Black Legion Guard (Black Major)

I’m going to be honest, there’s a few figures in the G.I. Joe line I’ve never owned. Probably the most ridiculous and glaring omission is the 1985 Crimson Guard. In fact, until the Black Major Siegie, I don’t think I’d even had a figure using the original mold. So it’s a figure whom I’ve never quite understood the hubbub about, since I’d had no exposure to it. I figure I should take a look at the mold, and since I still don’t even have a Crimson one, I’d go with one that still has a fairly vintage take on the mold. The late 2000s, Black Legion Guard


The Siegie sculpt is a fairly nice one, there’s a lot of ornate details on it, and such as the ceremonial cords and the medals. It really shows this is a ceremonial outfit, but there’s also some fairly sinister details to the figure. The spurs on his riding boots, the sawn-off Shotgun attached to his leg, showcase the likelihood there really is an “Initiation too hideous for description”. The head sculpt, and it’s face, are a real winner too. The 1985 Crimson Guard, as well as the Snow Serpent both had cold, emotionless masks. You know that behind that mask was a man who didn’t feel anything.


One thing that I find very interesting, is the fact that the Crimson Guard as an idea, likely didn’t have the kindest of inspirations. About a year ago I was watching some early 60s CBS documentary on the Invisible Empire, the Ku Klux Klan, and it seemed like a lot of the things they were discussing about the Klan, and how it was populated by seemingly upstanding citizens, could also work for the Crimson Guard. I guess the only difference is that instead of police officers, it’s bankers.  It’s kinda fucked up, but I think it’s pretty cool, and I think it shows a real example how a thing like COBRA would engrain itself into society. Combine a shadowy secret society with BCCI and massive reduction in banking regulations, and all of a sudden the Viper having $50,000 worth of equipment makes sense.

This version being done up in black, silver and grey is a very menacing looking figure. The dark colours really emphasize both the regality and the sinister appearance of this mold. The Black Major was really into the Skull/COBRA logo for a bit, as he made a few figures featuring it. I like it, because it’s not too hokey, and suggests figures with it are up to no good, even in the seedy world of COBRA Command.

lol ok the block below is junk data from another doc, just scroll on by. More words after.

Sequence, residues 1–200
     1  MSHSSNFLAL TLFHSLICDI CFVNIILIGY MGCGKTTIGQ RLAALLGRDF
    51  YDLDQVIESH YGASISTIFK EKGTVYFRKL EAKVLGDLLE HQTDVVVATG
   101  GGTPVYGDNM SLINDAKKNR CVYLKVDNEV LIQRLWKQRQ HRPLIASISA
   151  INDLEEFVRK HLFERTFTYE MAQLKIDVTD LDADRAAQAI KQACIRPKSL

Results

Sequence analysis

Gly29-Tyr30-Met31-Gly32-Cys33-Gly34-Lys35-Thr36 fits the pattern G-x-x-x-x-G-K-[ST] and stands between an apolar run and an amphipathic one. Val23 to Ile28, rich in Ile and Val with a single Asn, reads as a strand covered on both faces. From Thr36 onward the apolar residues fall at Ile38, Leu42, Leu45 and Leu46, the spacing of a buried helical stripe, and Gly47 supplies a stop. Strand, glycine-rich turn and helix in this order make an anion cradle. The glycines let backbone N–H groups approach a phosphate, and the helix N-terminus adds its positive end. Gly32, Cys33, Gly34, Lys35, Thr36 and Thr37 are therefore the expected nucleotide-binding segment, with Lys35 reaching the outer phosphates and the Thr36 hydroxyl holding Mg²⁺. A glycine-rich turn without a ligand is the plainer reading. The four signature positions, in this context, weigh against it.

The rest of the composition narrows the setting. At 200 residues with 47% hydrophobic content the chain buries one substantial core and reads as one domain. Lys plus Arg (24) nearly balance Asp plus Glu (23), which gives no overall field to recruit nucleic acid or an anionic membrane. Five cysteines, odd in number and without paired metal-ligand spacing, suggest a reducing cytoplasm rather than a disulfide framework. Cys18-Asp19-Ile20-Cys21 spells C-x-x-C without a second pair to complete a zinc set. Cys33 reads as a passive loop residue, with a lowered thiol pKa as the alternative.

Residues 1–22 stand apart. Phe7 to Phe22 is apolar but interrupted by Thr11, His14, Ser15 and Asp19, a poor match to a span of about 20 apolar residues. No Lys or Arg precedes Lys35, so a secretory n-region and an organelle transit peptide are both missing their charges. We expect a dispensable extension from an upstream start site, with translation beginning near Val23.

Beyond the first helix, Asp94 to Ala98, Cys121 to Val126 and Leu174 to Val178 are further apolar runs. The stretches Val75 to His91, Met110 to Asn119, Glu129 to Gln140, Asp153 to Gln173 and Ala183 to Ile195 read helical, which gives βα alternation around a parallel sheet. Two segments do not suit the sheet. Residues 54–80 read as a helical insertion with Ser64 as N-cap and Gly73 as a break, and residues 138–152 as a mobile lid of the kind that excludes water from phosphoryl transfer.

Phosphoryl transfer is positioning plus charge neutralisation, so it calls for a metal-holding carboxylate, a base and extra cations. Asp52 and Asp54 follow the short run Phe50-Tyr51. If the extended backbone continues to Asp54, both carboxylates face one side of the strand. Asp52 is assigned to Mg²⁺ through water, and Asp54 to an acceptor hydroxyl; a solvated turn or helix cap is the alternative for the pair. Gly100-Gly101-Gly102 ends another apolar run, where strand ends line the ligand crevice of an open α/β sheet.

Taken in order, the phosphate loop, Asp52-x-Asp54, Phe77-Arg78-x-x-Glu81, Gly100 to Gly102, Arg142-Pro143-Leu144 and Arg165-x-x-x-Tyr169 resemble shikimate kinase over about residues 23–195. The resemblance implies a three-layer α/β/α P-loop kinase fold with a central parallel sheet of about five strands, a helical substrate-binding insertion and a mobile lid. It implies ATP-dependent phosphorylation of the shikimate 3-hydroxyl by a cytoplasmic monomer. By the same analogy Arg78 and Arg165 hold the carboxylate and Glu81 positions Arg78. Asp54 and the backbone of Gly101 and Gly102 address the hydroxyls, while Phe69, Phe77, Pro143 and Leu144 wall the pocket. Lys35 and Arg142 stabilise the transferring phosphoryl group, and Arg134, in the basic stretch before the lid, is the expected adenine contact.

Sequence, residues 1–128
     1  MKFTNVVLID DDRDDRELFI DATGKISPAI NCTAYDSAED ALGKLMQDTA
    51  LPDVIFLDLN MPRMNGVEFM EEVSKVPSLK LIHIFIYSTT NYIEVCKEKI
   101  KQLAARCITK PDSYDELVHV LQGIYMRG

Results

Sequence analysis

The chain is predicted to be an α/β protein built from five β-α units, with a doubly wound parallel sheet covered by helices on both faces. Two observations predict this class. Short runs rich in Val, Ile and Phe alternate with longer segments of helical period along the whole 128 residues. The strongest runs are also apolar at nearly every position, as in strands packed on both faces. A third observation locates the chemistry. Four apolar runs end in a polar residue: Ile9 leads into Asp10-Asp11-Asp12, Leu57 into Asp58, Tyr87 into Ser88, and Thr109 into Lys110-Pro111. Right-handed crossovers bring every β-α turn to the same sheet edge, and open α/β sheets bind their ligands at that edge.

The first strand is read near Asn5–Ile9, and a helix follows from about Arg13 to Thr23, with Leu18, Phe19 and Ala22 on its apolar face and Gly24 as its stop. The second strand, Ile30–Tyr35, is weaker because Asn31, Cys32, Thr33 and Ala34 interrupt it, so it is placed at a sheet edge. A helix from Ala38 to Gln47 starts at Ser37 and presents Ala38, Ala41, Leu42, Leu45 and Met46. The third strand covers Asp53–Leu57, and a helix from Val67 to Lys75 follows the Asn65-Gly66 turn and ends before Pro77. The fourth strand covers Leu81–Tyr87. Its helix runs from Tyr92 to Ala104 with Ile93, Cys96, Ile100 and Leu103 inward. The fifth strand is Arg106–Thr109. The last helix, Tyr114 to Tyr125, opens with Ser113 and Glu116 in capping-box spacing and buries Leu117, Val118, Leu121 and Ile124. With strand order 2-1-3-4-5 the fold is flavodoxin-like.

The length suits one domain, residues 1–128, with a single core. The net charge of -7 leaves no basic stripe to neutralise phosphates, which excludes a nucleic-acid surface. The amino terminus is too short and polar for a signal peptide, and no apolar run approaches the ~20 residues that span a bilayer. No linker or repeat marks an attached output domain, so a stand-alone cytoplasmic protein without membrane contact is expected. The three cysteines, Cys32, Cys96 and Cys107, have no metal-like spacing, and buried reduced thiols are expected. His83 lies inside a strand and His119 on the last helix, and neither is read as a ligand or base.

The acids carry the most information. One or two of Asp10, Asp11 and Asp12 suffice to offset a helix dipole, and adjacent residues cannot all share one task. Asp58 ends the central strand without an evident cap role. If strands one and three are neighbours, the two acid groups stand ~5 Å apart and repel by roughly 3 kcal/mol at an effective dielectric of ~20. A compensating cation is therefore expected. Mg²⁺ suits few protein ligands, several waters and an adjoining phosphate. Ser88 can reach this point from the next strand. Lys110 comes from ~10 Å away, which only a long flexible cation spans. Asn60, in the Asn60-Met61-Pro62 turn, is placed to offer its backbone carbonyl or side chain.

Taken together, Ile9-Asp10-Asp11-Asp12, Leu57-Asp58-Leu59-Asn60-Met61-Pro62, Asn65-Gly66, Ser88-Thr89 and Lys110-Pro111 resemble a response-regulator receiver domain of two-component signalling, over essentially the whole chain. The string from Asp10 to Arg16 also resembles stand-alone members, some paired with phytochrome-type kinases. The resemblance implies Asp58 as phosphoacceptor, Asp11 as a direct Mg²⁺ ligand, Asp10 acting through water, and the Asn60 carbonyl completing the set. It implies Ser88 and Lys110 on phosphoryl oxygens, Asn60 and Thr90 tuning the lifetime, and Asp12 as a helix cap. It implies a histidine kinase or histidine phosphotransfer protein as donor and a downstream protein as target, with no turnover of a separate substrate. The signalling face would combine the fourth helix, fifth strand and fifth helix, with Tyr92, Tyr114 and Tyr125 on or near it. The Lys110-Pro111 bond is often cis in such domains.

The custom Crimson Guards were solid figures. There were some loose joints, but you also have to be realistic with what these figures actually are. Of all the CGs, I think this one or the blue one were the most interesting, and integratabtle with vintage Joes, though it’s such a solid design, they’re all great figures.



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3 Responses to Black Legion Guard (Black Major)

  1. A-Man says:

    Used vintage Hasbro CG’s are prone to loose joints for some reason.

    This looks better than the Crimson Shadow Guard. Though, repainting the CG’s sort of dilutes the concept. Then there’s the IT’S A DRESS UNIFORM debate that some…people make. Uh-huh, have fun customized your CG’s as civilians. I’ll stick with the silliness of a snake themed terrorist group’s impractical uniforms.

    Supposedly, there are/were towns in the USA secretly under KKK control. In fact, have been a non-religious kid growing up in the Bible Belt, I’ve such a dim view of small towns that Springfield in the comics didn’t seem outlandish at all. I had thought the negativity towards outsiders was more a southern thing, then I got pulled over once while passing through a small Michigan town for merely having tinted windows.

  2. mwnekoman says:

    Crimson Guards are weird as action figures, since it doesn’t seem like there’s a whole lot you should be able to do with them. Yet, the character is so fascinating and the sculpt is so good, finding a way to use them becomes important. Really telling of the quality Joe had at it’s zenith year.

  3. Pingback: Differences Between TBM COBRA Soldiers part II | Attica Gazette

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